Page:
CHARLESTON — West Virginia Attorney General Patrick Morrisey, in consultation with the state’s Board of Pharmacy, urges individuals to not hoard prescription drugs that may prove helpful in the fight against coronavirus.
The Board of Pharmacy, itself in coordination with the state’s Board of Medicine and Board of Osteopathic Medicine, published an emergency rule this past weekend seeking to ensure the prescription drugs chloroquine and hydroxychloroquine are only dispensed to individuals with a current, legitimate medical need.
The Attorney General issued a consumer alert Friday evening urging consumers not to hoard precious drug products, such as hydroxychloroquine.
“Every individual should refrain from hoarding any drug product or equipment that could help our state defeat the coronavirus pandemic,” Morrisey said. “I applaud the Board of Pharmacy for implementing its emergency rule. Any medication that has the potential to treat coronavirus must be in enough supply for those who need it most.”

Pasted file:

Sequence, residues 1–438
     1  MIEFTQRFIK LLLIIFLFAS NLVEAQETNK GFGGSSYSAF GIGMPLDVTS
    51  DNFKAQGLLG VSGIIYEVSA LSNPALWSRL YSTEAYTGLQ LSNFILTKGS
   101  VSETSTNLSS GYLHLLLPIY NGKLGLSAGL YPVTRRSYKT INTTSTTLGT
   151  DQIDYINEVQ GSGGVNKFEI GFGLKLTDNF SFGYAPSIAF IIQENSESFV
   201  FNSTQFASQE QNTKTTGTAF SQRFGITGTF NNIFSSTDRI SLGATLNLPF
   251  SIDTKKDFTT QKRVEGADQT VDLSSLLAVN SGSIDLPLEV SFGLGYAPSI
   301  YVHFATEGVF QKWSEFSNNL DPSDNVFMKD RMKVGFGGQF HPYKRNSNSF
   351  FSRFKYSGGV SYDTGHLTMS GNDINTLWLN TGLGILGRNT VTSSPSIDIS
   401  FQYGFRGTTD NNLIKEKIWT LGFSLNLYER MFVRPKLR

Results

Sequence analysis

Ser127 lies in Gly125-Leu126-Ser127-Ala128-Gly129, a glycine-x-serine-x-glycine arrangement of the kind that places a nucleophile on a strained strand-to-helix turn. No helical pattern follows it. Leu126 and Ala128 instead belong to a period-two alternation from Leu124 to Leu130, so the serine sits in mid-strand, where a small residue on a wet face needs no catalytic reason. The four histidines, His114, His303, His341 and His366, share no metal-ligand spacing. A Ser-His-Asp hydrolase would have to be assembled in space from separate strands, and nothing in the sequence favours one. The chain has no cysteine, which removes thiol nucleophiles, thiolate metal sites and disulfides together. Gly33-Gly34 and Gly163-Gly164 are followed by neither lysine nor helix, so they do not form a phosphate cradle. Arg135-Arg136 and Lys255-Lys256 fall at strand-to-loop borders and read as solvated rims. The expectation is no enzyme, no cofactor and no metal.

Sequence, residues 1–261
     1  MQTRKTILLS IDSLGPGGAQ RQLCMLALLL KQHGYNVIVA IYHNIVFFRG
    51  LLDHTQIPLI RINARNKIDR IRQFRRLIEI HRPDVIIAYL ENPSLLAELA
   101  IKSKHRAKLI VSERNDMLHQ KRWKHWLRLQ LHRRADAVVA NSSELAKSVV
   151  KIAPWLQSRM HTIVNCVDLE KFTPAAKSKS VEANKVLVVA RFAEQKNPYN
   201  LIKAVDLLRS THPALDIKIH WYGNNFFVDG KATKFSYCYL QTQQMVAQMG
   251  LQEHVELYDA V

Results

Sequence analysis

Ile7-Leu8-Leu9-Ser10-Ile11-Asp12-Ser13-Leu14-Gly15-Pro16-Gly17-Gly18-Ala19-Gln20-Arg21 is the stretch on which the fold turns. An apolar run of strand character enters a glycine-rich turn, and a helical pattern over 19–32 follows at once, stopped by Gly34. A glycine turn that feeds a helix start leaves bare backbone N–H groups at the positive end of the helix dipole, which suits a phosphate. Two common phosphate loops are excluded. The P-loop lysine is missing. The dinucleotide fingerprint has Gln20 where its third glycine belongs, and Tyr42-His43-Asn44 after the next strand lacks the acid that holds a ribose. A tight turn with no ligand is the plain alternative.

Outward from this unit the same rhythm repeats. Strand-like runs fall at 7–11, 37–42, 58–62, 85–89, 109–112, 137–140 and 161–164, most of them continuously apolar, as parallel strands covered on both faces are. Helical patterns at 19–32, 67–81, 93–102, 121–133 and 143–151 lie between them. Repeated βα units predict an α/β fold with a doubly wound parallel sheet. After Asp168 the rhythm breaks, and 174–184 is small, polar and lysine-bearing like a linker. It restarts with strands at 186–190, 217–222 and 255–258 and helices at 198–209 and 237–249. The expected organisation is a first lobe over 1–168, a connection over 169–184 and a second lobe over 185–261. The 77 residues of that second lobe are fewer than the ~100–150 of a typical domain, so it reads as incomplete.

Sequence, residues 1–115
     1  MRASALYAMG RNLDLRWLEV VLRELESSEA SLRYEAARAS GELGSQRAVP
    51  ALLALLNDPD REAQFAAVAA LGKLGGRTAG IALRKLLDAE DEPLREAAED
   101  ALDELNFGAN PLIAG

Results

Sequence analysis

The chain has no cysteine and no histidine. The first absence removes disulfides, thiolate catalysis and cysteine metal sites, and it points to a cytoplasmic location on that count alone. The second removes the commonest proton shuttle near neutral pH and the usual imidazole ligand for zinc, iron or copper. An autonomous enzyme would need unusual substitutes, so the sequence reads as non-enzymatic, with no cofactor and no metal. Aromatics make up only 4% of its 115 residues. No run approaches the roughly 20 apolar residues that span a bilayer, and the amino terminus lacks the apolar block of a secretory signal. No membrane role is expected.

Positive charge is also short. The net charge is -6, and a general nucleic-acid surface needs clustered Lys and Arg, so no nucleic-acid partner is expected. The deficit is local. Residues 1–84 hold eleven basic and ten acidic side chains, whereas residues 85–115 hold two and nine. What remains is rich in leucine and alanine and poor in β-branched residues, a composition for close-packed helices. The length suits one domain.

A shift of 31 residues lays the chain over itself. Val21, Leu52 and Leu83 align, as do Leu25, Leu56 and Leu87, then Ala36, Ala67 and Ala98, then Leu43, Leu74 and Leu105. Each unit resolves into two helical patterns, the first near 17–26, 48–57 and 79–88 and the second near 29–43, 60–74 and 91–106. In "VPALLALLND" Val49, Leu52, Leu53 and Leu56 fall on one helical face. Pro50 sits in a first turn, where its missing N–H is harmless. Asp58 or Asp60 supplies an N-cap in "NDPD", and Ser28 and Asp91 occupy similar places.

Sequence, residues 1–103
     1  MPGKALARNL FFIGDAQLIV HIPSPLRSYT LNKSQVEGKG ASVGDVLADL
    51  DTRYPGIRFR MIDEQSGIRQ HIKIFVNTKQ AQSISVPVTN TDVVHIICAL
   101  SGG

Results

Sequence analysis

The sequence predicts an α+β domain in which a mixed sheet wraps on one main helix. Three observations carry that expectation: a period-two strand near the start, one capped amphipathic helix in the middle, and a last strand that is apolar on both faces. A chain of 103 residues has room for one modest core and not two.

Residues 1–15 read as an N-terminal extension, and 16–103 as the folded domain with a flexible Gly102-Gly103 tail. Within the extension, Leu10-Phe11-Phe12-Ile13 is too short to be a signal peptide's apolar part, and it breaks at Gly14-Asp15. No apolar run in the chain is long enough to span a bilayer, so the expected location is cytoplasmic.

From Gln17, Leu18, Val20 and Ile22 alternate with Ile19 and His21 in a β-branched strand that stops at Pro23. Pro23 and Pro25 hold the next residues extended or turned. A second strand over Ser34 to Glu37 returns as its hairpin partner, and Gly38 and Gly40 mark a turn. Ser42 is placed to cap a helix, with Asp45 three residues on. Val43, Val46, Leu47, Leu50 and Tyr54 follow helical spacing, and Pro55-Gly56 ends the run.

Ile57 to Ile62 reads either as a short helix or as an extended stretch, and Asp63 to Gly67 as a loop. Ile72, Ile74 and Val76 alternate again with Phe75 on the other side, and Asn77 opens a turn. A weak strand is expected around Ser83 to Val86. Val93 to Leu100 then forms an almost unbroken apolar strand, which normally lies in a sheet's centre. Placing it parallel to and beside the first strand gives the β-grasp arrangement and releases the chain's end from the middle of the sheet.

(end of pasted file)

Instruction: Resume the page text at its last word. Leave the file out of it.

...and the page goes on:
Reports of some prescribers writing prescriptions for these drugs for undiagnosed family, friends and coworkers create concern for the Attorney General, Board of Pharmacy and other experts. They worry such conduct will lead to a shortage of the medication.
The emergency rule limits chloroquine and hydroxychloroquine prescriptions to only those patients with a written diagnosis from a prescriber. Furthermore, the rule limits such prescriptions to no more than 30 tablets with no refills permitted.
The rule, which took effect Saturday, includes an exemption for any patient previously established on the medication prior to the effective date of the rule.
The Attorney General’s Consumer Protection Hotline – 1-800-368-8808 – remains open to anyone wishing to report scams, price gouging or other manners by which bad actors may try to take advantage of consumers during the pandemic. Written complaints can also be filed at www.wvago.gov.
Information provided by the office of West Virginia Attorney General Patrick Morrisey.